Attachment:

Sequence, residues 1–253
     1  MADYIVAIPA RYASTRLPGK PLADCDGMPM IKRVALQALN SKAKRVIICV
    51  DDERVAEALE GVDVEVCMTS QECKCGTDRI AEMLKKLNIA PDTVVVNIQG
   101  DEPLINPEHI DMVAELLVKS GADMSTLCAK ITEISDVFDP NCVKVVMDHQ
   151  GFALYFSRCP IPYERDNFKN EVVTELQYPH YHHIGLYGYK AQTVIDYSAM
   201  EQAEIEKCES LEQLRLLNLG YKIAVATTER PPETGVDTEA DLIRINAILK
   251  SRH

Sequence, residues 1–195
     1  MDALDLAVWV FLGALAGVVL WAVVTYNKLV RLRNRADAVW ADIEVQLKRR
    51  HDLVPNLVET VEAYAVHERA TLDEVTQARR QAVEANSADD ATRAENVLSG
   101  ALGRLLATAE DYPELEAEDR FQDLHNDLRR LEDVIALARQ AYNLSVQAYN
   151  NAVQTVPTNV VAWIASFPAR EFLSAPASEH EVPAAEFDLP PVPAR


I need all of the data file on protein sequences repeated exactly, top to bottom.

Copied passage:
Sequence, residues 1–253
     1  MADYIVAIPA RYASTRLPGK PLADCDGMPM IKRVALQALN SKAKRVIICV
    51  DDERVAEALE GVDVEVCMTS QECKCGTDRI AEMLKKLNIA PDTVVVNIQG
   101  DEPLINPEHI DMVAELLVKS GADMSTLCAK ITEISDVFDP NCVKVVMDHQ
   151  GFALYFSRCP IPYERDNFKN EVVTELQYPH YHHIGLYGYK AQTVIDYSAM
   201  EQAEIEKCES LEQLRLLNLG YKIAVATTER PPETGVDTEA DLIRINAILK
   251  SRH

Sequence, residues 1–195
     1  MDALDLAVWV FLGALAGVVL WAVVTYNKLV RLRNRADAVW ADIEVQLKRR
    51  HDLVPNLVET VEAYAVHERA TLDEVTQARR QAVEANSADD ATRAENVLSG
   101  ALGRLLATAE DYPELEAEDR FQDLHNDLRR LEDVIALARQ AYNLSVQAYN
   151  NAVQTVPTNV VAWIASFPAR EFLSAPASEH EVPAAEFDLP PVPAR